New look power play shows early signs of promise for the Sabres

Ralph Krueger’s staff has implemented some new strategies for the power play

The Buffalo Sabres power play finished ranked 16th in the NHL last season, executing at a 19.5% rate. As expected, Ralph Krueger appears to have brought in a new approach to the Sabres strategy with the man advantage.

Improving their success rate on the man advantage this season could be one way the club exceeds expectations that have them finishing in the mid-’80s in terms of total points. Finding consistency in their special teams is a way to make up for some shortcomings in their game at 5 on 5.

Looking Back

Last year, the power play approach under Phil Housley and Davis Payne focused on one-timers from any of the three players at the top of the umbrella. For those of you that don’t know, the top of the umbrella are the three players that are at the top of the zone. Note the picture below for reference.

The power play essentially ran through Jack Eichel last season. According to Natural Stat Trick, he had 124 shot attempts with the man advantage last season. The next closest player (Jeff Skinner) had 89. At times they would try what I called the “pop pass” play last season. They would work the puck down low to Sam Reinhart. He would then try to pop the puck out to either Skinner or another forward in front. See the goal below from Conor Sheary as a reference to this play.

Looking through Meghan Hall’s excellent power play data, you can start to see some shortcomings in the power play last season. During 5 on 4 advantages, they didn’t have a problem getting shots off. Meghan had them ranked eighth overall in unblocked shot attempts per 60. The flip side is that their expected goals per 60 were in the bottom half of the league at 18th overall. Their “core unit” of Dahlin, Ristolainen, Skinner, Eichel, and Reinhart ranked 26th according to Meghan’s data in expected goals per 60 among the other 30 “core units”.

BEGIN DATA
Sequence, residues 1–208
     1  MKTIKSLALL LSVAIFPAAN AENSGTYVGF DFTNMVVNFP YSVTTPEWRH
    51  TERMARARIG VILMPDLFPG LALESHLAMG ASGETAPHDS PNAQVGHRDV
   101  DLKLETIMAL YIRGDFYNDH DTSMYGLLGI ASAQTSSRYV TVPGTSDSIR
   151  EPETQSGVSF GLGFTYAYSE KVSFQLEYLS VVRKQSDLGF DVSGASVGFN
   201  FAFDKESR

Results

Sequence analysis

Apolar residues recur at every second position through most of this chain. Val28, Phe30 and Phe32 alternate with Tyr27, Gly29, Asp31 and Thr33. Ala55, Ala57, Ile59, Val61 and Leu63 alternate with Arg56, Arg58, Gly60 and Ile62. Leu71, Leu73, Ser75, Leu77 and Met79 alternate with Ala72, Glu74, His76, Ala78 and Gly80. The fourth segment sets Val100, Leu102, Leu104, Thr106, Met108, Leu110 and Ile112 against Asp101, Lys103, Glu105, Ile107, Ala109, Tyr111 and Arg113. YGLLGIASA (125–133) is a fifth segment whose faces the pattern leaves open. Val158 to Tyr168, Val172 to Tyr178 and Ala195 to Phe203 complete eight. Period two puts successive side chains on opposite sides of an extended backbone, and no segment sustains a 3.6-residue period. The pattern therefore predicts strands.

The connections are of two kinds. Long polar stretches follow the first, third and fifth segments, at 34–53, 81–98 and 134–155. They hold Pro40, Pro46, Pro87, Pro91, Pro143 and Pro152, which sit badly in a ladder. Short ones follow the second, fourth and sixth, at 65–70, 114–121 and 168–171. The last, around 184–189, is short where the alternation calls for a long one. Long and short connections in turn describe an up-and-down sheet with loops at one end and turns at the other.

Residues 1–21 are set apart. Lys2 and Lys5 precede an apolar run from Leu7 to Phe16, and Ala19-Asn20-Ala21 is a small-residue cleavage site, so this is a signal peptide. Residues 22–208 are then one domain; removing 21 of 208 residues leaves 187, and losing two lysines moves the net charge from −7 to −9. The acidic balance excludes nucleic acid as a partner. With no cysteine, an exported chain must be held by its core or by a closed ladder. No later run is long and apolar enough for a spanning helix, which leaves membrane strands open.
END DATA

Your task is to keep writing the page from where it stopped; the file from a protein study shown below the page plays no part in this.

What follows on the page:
They wanted to utilize their one player with elite shooting talent but to a fault. While Eichel has that dangerous shot from the face off dot, it was relatively inaccurate. As I mentioned, he had 124 shot attempts, but only 68 of those shot attempts (54%) made it on goal. Overall the Sabres ranked 22nd in shooting percentage on the man advantage. A team like the Tampa Bay Lightning can overcome shooting from lower quality scoring areas because of their shooting talent on the roster. The Sabres didn’t have that last season.

New Approach

In the four preseason games, you can notice a new focus on the power play. That focus is on cross-ice passes. The unit has been able to get their opponent out of position with the puck movement and going cross-ice. According to Corey Sznajder’s tracking data, the Sabres only made cross-slot passes 8.7% of the time on the power play during the games he tracked.

Of course, cross-slot passing doesn’t directly lead to success, but if you can execute it properly with speed, you can get the defense off balance. A good example of this is the goal scored by Sam Reinhart against the Columbus Blue Jackets. Eichel moves along the wall with the puck. Skinner, who is by the goal line on the opposite side of the ice, skates toward the face off dot anticipating the middle lane to open.